Originating Flow & Positive Psychology. Csikszentmihalyi’s works had evolved after 1978 toward “psychic energy, or attention” having claimed this as a “latent organizing principle” of his research (Csikszentmihalyi, 2014a, p. xv). His early literature review in methodologies concerned with measuring (i.e., sampling) changes in attention led him to attempts at quantification of time utilization of people’s attention and “the frequencies of psychic energy they allocate to different kinds of experiences” (p. xvii). Many sociologists influenced his research methodology (p. xvii). Of import, are Le Play’s (1855) use of diaries that recorded how workers spent their days in England, time-budget studies of Lundberg et al. (1934) that studied leisure time domestically, time-budget studies of Sorokin and Berger (1939), Szalai’s (1966) analysis of time-budget research, and Campbell et al.’s (1975) investigation of upward moving economic indicators and downward moving measures of happiness in the affluent that triggered a call for better measures. However, research in these domains was about to get a boost from an electronic communications device that revolutionized the world. The invention of electronic pagers. This invention in the 1970s brought a breakthrough that Csikszentmihalyi took advantage of in more accurate randomization of a sample’s self-report collection.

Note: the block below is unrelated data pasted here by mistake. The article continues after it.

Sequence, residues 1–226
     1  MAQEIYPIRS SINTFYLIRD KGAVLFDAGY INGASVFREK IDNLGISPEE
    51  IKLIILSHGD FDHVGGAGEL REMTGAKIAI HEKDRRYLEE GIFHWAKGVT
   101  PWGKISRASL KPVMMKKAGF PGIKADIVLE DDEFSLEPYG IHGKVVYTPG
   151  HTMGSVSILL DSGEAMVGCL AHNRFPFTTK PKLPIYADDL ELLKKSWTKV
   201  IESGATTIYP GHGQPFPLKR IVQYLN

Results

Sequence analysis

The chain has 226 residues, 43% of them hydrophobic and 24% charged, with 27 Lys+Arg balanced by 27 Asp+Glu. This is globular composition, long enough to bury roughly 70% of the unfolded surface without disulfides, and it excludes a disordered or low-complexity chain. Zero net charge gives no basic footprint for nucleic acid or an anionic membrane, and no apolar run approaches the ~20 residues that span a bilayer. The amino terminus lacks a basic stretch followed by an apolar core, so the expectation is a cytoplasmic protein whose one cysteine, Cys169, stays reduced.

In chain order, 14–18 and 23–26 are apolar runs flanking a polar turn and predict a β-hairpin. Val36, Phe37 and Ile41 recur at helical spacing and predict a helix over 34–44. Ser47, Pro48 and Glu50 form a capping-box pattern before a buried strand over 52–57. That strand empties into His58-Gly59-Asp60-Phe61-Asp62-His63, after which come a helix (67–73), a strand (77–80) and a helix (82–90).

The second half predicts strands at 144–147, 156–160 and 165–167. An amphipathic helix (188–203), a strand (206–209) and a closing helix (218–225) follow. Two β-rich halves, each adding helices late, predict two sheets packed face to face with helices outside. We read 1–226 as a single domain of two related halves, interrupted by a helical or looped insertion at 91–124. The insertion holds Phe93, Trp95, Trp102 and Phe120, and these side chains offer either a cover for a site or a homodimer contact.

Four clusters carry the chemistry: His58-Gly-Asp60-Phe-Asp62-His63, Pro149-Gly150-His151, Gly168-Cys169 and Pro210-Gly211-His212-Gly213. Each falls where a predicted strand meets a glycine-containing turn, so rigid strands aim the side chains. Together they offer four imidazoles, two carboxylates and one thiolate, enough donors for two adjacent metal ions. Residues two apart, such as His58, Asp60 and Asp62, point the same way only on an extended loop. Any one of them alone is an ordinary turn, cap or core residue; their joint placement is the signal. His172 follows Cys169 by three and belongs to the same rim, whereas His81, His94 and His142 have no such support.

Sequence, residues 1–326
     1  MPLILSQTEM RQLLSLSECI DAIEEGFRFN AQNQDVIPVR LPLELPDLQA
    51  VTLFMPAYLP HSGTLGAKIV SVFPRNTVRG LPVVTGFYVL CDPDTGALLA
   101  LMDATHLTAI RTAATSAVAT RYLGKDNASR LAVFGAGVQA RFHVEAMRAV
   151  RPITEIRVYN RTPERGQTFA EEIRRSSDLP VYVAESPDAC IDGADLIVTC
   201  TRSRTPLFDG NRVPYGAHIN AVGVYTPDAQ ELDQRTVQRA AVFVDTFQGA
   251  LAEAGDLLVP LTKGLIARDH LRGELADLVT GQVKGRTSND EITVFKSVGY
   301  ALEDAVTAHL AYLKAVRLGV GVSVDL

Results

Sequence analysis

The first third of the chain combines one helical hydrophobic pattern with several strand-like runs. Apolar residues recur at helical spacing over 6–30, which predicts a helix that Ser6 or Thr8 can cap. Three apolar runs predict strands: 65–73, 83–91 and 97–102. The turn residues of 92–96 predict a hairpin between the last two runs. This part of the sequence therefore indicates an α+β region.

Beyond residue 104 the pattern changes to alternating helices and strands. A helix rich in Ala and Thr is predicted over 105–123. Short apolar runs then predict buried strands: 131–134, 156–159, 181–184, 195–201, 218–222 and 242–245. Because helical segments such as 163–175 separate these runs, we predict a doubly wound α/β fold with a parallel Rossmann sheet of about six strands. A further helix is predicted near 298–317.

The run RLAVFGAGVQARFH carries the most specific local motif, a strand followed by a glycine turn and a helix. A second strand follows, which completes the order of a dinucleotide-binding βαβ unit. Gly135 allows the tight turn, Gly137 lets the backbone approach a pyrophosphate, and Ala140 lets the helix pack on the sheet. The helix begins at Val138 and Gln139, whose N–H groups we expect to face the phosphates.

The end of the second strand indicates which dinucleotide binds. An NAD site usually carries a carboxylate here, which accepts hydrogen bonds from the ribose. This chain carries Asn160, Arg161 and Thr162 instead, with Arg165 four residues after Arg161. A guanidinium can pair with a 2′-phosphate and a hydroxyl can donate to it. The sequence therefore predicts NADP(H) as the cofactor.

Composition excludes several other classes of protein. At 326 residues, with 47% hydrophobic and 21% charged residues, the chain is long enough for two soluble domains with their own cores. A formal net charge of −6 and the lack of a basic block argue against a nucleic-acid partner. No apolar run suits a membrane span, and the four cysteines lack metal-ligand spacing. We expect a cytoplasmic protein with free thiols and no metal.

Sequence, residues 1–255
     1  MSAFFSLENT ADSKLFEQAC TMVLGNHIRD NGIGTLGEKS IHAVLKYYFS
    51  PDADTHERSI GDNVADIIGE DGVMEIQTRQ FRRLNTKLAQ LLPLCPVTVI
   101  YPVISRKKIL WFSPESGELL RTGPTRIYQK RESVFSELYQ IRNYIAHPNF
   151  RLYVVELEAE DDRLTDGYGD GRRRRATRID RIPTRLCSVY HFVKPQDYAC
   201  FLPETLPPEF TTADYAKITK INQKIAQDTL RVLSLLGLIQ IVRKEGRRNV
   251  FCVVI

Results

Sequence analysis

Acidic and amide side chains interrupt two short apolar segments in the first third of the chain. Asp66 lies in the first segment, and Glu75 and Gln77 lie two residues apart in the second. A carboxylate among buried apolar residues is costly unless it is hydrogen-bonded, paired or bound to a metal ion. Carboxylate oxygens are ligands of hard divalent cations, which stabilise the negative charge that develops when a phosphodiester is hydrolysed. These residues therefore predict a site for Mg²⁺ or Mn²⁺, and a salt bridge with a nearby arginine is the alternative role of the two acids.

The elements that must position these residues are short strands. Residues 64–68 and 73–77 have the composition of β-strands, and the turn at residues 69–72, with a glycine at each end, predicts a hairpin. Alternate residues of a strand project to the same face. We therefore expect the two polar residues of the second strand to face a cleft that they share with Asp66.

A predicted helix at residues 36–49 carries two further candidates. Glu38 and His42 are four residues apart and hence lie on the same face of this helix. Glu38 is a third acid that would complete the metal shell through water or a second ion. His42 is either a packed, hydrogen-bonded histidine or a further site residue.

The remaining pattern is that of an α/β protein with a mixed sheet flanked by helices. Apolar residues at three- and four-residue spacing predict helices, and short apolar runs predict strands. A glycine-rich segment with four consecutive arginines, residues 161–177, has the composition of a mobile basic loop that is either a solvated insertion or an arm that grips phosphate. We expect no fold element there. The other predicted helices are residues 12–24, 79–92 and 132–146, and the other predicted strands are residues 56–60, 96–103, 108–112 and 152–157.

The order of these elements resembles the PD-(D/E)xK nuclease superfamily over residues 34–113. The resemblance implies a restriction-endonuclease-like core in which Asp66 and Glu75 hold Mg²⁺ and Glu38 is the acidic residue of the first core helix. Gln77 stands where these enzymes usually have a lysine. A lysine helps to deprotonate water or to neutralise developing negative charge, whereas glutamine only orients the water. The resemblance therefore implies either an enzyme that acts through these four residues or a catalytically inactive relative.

The Experience Sampling Method. It was his early faculty member days at the University of Chicago, where Csikszentmihalyi would take his students to Jimmy’s, a bar, to talk about life and research (Doris, 2021, 00:09:42). This was the time of Csikszentmihalyi’s use of pagers, triggered at random times prompts to research participants to fill out a questionnaire (Csikszentmihalyi, 2014a, p. xvii). A questionnaire that asked participants as to “where they were, with whom, what they were doing, what they were thinking about; in addition, they filled about 40 numerical scales about how they were feeling in at the moment of the signal” (p. xviii). This had been the birth of the Experience Sampling Method (ESM; p. xviii). Csikszentmihalyi used this method at the University of Chicago in 1975 to research human participant experiences in daily life (Csikszentmihalyi & Larson, 1987, p. 36). Pagers as a new technology combined with self-report as an innovative way to collect randomized point in time self-report data via the newly developed experience sampling method (ESM; p. 36).